Atrial Fibrillation and Atrial Flutter


This topic covers both atrial fibrillation (AFib) and atrial flutter (AFlut).


  • AFib: paroxysmal or continuous supraventricular tachyarrhythmia characterized by rapid, uncoordinated atrial electrical activity and an irregularly irregular ventricular response. In most patients, the ventricular rate is rapid because the atrioventricular (AV) node is bombarded with very frequent atrial electrical impulses (400 to 600 beats/min).
  • AFlut: paroxysmal or continuous supraventricular tachyarrhythmia with rapid but organized atrial electrical activity. The atrial rate is typically between 250 and 350 beats/min and is often manifested as “saw-tooth” flutter (F) waves on the ECG, particularly in the inferior leads and V1. AFlut commonly occurs with 2:1 or 3:1 AV block, so the ventricular response may be regular and typically at a rate of 150 beats/min.
  • AFib and AFlut are related arrhythmias, sometimes seen in the same patient. Distinguishing the two is important because there may be implications for management.
  • Clinical classifications:
    • Paroxysmal: self-terminating episodes, usually <7 days
    • Persistent: sustained >7 days, usually requiring pharmacologic or electrical cardioversion to restore sinus rhythm
    • Permanent: Sinus rhythm cannot be restored or maintained.
    • Nonvalvular AFib: absence of moderate-to-severe mitral stenosis or a mechanical heart valve
  • Lone AFib occurs in patients aged <60 years (with possible genetic predisposition) who have no clinical or echocardiographic evidence of cardiovascular disease, including hypertension (HTN).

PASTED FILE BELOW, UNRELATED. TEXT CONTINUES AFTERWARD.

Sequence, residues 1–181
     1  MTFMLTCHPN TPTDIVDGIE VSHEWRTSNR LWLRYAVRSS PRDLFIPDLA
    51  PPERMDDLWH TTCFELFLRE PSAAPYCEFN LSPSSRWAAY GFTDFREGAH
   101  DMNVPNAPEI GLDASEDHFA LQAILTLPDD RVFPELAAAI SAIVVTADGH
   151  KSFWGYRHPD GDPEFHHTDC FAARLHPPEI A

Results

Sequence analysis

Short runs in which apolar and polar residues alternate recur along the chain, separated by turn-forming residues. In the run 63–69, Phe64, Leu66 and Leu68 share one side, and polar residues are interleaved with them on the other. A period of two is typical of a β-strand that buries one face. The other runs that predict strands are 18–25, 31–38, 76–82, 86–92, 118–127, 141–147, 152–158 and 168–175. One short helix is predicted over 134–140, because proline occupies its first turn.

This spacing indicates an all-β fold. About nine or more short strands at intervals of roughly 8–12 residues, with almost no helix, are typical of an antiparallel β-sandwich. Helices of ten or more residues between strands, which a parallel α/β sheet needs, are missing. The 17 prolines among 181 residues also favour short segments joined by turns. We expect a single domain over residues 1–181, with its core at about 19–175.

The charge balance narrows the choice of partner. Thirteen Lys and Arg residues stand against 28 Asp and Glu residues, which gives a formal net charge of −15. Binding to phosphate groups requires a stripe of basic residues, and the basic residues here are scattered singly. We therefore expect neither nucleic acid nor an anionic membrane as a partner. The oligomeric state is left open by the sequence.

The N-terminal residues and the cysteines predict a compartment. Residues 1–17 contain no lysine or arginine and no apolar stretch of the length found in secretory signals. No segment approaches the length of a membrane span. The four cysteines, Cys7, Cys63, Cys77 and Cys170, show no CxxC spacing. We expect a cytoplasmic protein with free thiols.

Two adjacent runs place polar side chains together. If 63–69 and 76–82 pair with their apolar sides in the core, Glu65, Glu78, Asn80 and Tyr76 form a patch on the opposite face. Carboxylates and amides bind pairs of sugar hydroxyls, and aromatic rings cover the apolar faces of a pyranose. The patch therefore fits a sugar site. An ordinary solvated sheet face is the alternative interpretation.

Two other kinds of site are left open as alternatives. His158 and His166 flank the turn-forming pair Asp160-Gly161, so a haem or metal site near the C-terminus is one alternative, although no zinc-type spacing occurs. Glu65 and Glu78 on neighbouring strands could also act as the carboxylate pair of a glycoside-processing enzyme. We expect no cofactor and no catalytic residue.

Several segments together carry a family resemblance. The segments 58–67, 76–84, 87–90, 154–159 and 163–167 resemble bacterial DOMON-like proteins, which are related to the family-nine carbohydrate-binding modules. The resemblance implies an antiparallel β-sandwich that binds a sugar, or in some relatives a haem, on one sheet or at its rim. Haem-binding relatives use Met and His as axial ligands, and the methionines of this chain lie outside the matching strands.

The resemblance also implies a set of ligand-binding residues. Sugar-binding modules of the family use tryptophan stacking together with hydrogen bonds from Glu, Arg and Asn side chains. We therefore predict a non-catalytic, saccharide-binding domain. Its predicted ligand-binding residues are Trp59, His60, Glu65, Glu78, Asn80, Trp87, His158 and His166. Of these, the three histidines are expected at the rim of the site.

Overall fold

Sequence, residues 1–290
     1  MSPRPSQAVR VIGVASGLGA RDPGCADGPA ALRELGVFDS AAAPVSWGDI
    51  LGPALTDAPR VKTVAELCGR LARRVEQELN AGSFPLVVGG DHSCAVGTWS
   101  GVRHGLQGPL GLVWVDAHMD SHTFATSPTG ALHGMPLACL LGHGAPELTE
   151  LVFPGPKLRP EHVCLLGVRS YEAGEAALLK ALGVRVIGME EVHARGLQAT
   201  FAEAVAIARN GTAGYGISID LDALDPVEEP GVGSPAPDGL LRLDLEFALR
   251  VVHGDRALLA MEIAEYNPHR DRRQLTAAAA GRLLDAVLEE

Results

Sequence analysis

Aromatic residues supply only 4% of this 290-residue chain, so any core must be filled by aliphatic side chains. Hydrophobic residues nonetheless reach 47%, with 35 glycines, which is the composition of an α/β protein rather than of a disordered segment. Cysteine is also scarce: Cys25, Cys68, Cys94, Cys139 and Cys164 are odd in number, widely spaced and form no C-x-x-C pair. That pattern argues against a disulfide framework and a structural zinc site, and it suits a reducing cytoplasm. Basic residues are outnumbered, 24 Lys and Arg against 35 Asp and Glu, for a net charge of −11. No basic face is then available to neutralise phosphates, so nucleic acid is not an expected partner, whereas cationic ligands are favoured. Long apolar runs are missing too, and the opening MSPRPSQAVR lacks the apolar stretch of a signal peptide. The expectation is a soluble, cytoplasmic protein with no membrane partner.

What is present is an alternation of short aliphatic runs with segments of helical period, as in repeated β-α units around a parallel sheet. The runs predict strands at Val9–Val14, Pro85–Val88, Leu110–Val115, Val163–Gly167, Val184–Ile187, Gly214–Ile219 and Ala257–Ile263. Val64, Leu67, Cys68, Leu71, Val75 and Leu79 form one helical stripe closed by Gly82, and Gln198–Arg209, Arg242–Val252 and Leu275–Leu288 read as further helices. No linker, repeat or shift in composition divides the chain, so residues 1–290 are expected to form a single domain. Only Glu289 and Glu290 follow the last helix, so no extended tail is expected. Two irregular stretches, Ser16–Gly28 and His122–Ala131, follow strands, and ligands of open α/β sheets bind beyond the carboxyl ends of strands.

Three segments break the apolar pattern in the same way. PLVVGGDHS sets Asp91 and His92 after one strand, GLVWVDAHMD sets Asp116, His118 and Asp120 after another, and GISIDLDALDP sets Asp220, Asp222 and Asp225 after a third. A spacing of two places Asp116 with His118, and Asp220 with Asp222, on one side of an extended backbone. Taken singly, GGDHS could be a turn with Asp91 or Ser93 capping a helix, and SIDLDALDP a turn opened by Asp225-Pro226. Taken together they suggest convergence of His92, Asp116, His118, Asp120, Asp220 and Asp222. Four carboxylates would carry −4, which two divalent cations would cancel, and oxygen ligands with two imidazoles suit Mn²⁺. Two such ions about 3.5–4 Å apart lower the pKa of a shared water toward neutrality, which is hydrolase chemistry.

• Incidence/prevalence increases significantly with age.
  • Young patients with AFib, particularly lone AFib, are most commonly males.


  • AFib: from <0.1%/year <40 years to >1.5%/year >80 years
  • Lifetime risk: 25% for those aged ≥40 years
  • AFlut is less common.


  • Estimated at 0.4–1% in general population, with 2.7 million patients in America
  • Increases with age, up to 8% in those ≥80 years

Etiology and Pathophysiology

  • Cardiac: HTN, acute coronary syndrome (ACS), congestive heart failure (CHF), valvular heart disease, cardiomyopathy, pericarditis, and infiltrative heart disease
  • Pulmonary: pulmonary embolism (PE), chronic obstructive pulmonary disease (COPD), obstructive sleep apnea, pneumonia
  • Ingestion: ethanol, caffeine, nicotine
  • Endocrine: hyperthyroidism, diabetes mellitus (DM)
  • Obesity
  • Postoperative: cardiac, pulmonary, or esophageal
  • Idiopathic: lone AFib
  • Iatrogenic: amiodarone
  • Patients with paroxysmal episodes are usually associated with premature atrial beats and/or bursts of tachycardia, originating in pulmonary vein ostia or other sites.
  • Many patients with AFib are thought to have some degree of atrial fibrosis or scarring.
  • Autonomic (vagal and sympathetic) tone may play a role in triggering the arrhythmia.
  • The presence of AFib is associated with electrical and structural remodeling processes that promote arrhythmia maintenance in the atria, termed “AFib begets AFib.”

Familial forms are rare but do exist. There are ongoing efforts to identify the genetic underpinnings of such cases.

Risk Factors

Age, HTN, and obesity are the most important risk factors for both AFib and AFlut.

General Prevention

Adequate control of HTN may prevent development of AFib due to hypertensive heart disease and is the most significant modifiable risk factor for AFib. Weight reduction may decrease the risk of AFib in obese patients. Ethanol consumption may trigger AFib.

Commonly Associated Conditions

HTN, stroke, and other cardiac diseases

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